Is the boycott of Woolworths Food Stores or all its stores including clothes:  The call for the boycott of Woolworths is for a complete boycott of all Woolworths stores and products.

Does the boycott just involve refraining from purchasing at Woolworths:  No, it involves actively writing to the store, organizing pickets, protests and taking other actions.


Woolworths is maintaining its trade with Israel (for produce that is available elsewhere) and ignoring the requests by its consumers, South African civil society and several Government Ministers. This approach by the management of Woolworths is tarnishing the image of the company and jeopardizing the share price of the firm (which has dropped consistently since the #BoycottWoolworths campaign). This will certainly be deemed to be reckless management when Woolworths could have, firstly, met with BDS South Africa and secondly, resolved this issue by sourcing its products either locally or from other countries. Woolworths is coming across as unconcerned and indifferent to customer retention.

Woolworths claims to “believe in the principle of responsible citizenship.” However, importing products from Israeli companies in violation of the international boycott of Israel called by the indigenous Palestinians contradicts this principle.


It would seem that Woolworths is not interested in aligning itself with human rights and ethical, responsible business practices. Woolworths has tried to suggest that it is following government policy. However, government policy is the minimum that a company should respect; we would expect a company such as Woolworths to go beyond the minimum when it comes to respecting human rights and the wishes of consumers.

If Woolworths was a company based in, say, the UK, during apartheid, would Woolworths have adopted the position that it is “apolitical” (as it has done recently regarding Israel)? Would Woolworths not have respected the South African liberation struggle’s call for a boycott of Apartheid South African goods (regardless of whether the UK Government had officially called for that boycott or not)?

In a statement issued on 30 July 2014, Woolworths defended its sourcing of products from Israeli companies stating that it “has no political affiliations.” Buying from Israel, when many other markets are available (including local South African markets), is an endorsement of that country’s practices. Imagine buying from Apartheid South Africa during the 1980s and claiming to be “apolitical”.  Archbishop Desmond Tutu has famously said: “If you are neutral in situations of injustice, you have chosen the side of the oppressor.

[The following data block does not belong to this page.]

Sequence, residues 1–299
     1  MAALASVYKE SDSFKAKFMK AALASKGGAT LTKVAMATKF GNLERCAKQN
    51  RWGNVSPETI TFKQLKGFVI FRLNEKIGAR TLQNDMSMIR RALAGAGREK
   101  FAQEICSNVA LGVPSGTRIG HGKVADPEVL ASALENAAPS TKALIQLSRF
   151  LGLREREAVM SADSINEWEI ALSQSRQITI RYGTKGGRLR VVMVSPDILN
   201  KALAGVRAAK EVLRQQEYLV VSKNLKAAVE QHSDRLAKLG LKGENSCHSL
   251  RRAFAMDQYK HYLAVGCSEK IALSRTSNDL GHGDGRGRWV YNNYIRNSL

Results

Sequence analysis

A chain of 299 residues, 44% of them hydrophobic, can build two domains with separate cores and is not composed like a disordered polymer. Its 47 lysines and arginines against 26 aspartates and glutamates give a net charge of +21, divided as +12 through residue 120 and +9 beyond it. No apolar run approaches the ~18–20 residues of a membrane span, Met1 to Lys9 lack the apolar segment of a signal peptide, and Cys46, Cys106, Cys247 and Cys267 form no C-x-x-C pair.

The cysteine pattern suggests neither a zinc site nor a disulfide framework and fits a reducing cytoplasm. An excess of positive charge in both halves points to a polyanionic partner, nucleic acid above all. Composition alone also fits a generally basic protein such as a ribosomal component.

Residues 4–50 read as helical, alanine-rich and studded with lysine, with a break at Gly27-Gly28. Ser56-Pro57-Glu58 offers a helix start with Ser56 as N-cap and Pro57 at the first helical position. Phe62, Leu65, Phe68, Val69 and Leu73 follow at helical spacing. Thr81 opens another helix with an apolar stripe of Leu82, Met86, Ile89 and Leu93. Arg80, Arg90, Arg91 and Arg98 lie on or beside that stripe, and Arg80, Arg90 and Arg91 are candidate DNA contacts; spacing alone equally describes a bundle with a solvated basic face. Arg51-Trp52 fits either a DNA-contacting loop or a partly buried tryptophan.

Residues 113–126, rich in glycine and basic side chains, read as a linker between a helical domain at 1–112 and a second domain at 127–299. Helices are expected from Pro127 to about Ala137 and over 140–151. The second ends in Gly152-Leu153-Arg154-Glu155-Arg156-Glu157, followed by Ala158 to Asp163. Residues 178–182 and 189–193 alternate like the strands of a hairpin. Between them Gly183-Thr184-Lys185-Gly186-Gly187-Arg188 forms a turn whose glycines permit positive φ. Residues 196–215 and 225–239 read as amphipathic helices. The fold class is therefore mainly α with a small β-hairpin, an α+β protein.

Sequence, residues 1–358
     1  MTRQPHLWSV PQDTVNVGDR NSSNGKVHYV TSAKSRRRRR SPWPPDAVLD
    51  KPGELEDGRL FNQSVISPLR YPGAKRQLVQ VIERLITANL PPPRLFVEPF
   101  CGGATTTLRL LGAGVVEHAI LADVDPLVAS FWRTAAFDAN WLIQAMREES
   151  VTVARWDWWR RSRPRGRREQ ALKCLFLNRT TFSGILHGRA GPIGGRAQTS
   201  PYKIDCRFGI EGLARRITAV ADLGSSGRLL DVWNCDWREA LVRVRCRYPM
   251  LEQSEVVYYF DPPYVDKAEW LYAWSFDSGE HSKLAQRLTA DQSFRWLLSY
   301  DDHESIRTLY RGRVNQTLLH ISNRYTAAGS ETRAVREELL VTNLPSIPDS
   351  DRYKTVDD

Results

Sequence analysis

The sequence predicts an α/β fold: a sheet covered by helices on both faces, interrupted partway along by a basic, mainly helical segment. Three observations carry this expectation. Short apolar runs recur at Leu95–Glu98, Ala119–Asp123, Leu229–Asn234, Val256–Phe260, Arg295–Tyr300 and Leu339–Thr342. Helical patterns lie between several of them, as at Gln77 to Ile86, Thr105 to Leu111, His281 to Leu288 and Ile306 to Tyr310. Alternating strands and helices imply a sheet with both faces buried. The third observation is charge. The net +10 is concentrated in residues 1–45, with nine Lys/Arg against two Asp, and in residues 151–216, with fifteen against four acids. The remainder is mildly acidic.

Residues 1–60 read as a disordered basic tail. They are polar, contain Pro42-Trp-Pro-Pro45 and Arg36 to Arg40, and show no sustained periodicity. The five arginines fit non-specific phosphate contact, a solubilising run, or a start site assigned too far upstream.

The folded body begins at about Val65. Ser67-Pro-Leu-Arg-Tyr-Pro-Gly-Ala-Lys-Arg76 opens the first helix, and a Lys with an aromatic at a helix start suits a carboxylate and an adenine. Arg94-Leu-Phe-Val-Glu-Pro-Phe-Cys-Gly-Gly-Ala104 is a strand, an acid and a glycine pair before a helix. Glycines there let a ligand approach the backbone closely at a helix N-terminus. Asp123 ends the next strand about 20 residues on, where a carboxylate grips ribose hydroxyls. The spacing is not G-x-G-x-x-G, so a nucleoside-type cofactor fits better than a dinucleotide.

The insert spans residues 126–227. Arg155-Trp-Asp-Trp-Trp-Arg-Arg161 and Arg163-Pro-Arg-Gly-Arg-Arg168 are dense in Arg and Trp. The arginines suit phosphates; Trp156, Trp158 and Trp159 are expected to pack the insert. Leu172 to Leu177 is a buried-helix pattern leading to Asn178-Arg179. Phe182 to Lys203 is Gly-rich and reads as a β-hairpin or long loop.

Israel is increasingly being viewed as a regime guilty of practicing Apartheid (click here). In 2005, with Israel’s occupation, human rights abuses, violations of international law and illegal Israeli settlement activity increasing, Palestinians (inspired by the successful boycott and isolation of Apartheid South Africa) called on the international community to support a non-violent campaign of boycott, divestment and sanctions (BDS) against Israel and its companies until Israel complies with international law and respects human rights.

The Palestinian-led and internationally-backed BDS campaign is a practical, non-violent, goal-orientated, focused and strategic campaign to hold the State of Israel accountable to international law and human rights. The BDS campaign is also increasingly supported by (progressive) Israelis. The international isolation of Israel it is hoped will lead to the necessary conditions for a just peace to be negotiated – similar to what occurred in South Africa and brought about a democratic country for all our people


BDS has reached a tipping point. In the last few months alone, BDS-related successes include the decision by the Presbyterian Church and the Methodist Church to divest from companies involved in the Israeli occupation. This was followed by the world’s richest person, Bill Gates, withdrawing his entire stake (more than 2 billion rands) from a security company (G4S) involved in Israel’s human rights abuses.

Earlier this year the second largest ($200 billion) Dutch pension fund, PGGM, divested from five Israeli banks and a month earlier the largest Danish bank, Danske, blacklisted Israel’s Hapoalim bank. In January the Norwegian sovereign fund, the largest in the world, divested from two Israeli companies that were part of its portfolio.

In July 2014, TESCO, the UK’s largest supermarket chain, decided to stop selling Israeli products originating from the OPT. In July 2013, three major supermarket chains in the Netherlands Aldi, Hoogvliet and Jumbo announced that they will no longer sell products coming from Israeli settlements in the Occupied Palestinian Territories. In April 2012, UK supermarket chains “The Co-op” adopted a complete boycott of Israeli companies. Last year, the South African agricultural company Karsten Farms terminated its relations with Israel’s Hadiklaim in 2013. Earlier this month (October 2014) after sustained protests and campaigning the USA department store chain Macy’s stopped carrying Israeli settlement products of SodaStream, according to the Wall Street Journal.